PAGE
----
Today’s guest on The Column is SHADY COSGROVE whose microlit has been published in Out of Place, edited by Kirsten Tranter and Linda Godfrey. To grab your copy of this latest anthology from Spineless Wonders, click the cover below.
What inspired you to write the piece of microliterature which will appear in Out of Place? How would you describe this form of writing?
I was inspired to write this piece after an incredible 10-day trip to China. It turned out to be one of the most expanding times of my life – I was blown away by how generous, kind, and interesting the people were. And I was also floored by the food. Usually my microfictions are fictional but this is absolutely 100% true. In fact, the friend I write about is visiting me here, in Australia, arriving this afternoon. I can’t remember being this excited for quite awhile.
How do you know the point at which a piece you are writing should end? Do you have any favourite closing line/s from your own work or from another writer? If so, which ones and why?
I have trouble with endings in microfictions because usually there needs to be some kind of reversal. The ending should help us think about the story in a different light. This can be challenging. But one of my strategies is to start from the end and plot backwards, then go ahead and write the story from the beginning. This ensures we’re headed somewhere in the story.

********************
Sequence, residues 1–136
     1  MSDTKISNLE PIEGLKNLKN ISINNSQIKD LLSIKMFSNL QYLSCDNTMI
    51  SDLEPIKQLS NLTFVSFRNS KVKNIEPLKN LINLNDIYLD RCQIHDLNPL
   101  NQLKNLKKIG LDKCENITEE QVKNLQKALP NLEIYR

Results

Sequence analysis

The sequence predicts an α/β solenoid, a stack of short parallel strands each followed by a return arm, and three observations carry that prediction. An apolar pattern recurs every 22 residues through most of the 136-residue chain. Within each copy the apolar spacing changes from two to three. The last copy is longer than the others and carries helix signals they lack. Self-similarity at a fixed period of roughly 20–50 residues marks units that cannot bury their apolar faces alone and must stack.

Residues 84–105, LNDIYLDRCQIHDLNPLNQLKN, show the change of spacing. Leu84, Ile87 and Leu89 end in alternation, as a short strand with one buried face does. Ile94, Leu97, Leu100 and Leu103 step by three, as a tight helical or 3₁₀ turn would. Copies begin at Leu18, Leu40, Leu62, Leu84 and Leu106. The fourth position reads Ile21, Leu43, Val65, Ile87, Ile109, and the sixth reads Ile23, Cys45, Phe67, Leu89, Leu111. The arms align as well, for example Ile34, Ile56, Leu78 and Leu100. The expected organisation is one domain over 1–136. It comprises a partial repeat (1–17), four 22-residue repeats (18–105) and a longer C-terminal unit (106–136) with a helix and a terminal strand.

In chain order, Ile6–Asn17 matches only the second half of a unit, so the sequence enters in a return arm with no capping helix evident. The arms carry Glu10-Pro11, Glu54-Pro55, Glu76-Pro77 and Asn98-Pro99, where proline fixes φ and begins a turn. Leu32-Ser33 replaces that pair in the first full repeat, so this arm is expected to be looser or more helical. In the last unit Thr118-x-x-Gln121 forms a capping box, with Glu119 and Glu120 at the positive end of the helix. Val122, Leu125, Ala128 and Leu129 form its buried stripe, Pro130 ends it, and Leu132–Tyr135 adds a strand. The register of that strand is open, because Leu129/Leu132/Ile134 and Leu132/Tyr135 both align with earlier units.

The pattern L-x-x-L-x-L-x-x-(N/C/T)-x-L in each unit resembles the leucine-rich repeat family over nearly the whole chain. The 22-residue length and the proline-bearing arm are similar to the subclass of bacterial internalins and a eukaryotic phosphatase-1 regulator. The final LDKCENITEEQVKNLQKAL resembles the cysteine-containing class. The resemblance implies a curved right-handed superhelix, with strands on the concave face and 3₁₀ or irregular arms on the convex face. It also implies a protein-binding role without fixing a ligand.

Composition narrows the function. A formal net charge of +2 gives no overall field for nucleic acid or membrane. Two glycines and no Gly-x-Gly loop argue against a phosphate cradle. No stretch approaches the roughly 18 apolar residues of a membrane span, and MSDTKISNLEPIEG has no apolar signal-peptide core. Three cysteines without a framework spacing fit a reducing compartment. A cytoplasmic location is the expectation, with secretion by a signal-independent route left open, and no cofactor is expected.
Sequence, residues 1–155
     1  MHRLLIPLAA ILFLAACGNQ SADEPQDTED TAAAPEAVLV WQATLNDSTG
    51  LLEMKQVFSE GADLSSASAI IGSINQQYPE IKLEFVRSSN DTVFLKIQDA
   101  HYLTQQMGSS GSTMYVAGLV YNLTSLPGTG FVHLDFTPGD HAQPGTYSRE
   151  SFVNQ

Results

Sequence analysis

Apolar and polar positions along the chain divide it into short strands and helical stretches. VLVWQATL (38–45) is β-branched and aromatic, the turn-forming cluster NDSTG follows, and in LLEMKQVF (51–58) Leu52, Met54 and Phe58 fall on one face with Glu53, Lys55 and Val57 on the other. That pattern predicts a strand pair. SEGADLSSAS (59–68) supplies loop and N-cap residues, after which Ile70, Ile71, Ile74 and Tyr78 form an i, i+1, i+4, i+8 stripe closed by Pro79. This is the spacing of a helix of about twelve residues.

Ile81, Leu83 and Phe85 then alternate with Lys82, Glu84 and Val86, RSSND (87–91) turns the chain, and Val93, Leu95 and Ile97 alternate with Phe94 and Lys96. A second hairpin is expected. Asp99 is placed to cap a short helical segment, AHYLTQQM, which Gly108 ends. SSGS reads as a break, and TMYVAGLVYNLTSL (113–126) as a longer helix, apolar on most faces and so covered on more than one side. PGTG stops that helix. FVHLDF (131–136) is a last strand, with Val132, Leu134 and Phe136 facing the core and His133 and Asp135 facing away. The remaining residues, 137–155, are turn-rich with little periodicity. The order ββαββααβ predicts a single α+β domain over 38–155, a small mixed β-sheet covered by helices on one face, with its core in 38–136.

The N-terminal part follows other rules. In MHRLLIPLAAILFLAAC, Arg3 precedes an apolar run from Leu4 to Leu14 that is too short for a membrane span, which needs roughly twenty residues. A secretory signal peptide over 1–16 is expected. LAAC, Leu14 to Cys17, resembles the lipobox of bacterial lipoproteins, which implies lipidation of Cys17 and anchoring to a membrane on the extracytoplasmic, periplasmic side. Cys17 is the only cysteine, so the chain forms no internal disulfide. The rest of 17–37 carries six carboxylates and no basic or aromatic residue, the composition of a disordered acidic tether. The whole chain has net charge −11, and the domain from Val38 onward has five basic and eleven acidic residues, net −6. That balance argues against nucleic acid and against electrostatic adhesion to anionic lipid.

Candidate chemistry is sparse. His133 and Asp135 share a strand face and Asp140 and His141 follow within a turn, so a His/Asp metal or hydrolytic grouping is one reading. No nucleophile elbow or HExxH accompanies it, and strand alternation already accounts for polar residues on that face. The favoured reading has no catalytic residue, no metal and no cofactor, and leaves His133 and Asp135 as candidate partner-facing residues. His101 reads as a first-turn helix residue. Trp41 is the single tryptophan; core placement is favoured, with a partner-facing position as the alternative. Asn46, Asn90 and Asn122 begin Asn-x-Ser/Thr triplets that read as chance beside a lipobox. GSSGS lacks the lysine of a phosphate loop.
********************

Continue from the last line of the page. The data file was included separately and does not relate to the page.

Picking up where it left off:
Tell us about some of the writers that you’ve loved in the past and who you are reading now.
Right now, I’m reading the Collected Stories of Lydia Davis. I’m not sure if they’re microfictions or prose poems sometimes! Maybe they’re meditations. I find them interesting because she’s able to capture complex ideas as stories and they stay with me long after I’ve finished reading them. I find they don’t take me to another world – something I enjoy with longer fiction – but they give me pause to stop and consider.
There’s only one thing to do if you haven’t written for awhile and you want to get back into it: force yourself to sit in front of the computer. If I make myself sit there, with the screen, for at least an hour, I find I’m able to get back into the rhythm and flow, especially if I’ve been thinking through ideas in my head. It’s perseverance more than anything. Re writing exercises: I love to log onto thisamericanlife.org and listen to one of the episodes and then imagine one of the people interviewed as a minor character in one of my stories.
SHADY COSGROVE is the author of What the Ground Can’t Hold (Picador, 2013) and She Played Elvis (2009), which was shortlisted for the Australian Vogel Award. Her short fiction has appeared in Best Australian Stories, Overland, Antipodes and Southerly.